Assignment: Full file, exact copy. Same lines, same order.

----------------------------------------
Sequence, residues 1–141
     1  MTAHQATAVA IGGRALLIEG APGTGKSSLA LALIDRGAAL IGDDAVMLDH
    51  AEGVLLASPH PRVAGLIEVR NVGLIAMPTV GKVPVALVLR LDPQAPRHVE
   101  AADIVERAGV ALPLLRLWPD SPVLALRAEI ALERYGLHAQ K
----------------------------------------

Sequence, residues 1–141
     1  MTAHQATAVA IGGRALLIEG APGTGKSSLA LALIDRGAAL IGDDAVMLDH
    51  AEGVLLASPH PRVAGLIEVR NVGLIAMPTV GKVPVALVLR LDPQAPRHVE
   101  AADIVERAGV ALPLLRLWPD SPVLALRAEI ALERYGLHAQ K